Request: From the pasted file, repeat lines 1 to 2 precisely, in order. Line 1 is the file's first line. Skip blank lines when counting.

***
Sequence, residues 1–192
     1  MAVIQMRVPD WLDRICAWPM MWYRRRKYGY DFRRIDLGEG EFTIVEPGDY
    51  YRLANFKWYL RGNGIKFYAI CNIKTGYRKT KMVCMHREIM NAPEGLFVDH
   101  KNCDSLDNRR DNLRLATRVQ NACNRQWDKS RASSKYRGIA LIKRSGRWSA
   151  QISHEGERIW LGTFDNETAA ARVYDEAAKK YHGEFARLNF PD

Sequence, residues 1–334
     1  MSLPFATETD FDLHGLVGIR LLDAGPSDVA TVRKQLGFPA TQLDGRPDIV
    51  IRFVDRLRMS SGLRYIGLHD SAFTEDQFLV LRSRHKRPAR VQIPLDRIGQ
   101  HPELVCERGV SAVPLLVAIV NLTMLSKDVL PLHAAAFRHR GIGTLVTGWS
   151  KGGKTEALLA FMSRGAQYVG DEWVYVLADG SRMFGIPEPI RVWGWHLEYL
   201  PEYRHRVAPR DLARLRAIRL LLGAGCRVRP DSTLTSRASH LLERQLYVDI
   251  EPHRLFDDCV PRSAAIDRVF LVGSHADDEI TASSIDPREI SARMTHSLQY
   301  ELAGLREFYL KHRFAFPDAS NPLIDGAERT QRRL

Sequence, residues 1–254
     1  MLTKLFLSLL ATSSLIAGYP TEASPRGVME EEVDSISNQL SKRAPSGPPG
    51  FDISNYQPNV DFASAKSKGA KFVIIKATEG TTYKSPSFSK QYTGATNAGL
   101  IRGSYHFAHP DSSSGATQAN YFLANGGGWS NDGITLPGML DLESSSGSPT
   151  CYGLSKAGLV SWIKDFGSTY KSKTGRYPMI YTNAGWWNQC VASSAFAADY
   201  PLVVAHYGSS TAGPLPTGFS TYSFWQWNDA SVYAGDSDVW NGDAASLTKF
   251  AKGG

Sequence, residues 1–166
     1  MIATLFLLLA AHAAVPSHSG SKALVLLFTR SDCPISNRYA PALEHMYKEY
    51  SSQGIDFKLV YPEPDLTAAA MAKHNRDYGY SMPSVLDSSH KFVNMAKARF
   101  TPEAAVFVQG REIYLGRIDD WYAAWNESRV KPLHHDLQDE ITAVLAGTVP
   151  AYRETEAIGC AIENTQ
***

Sequence, residues 1–192
     1  MAVIQMRVPD WLDRICAWPM MWYRRRKYGY DFRRIDLGEG EFTIVEPGDY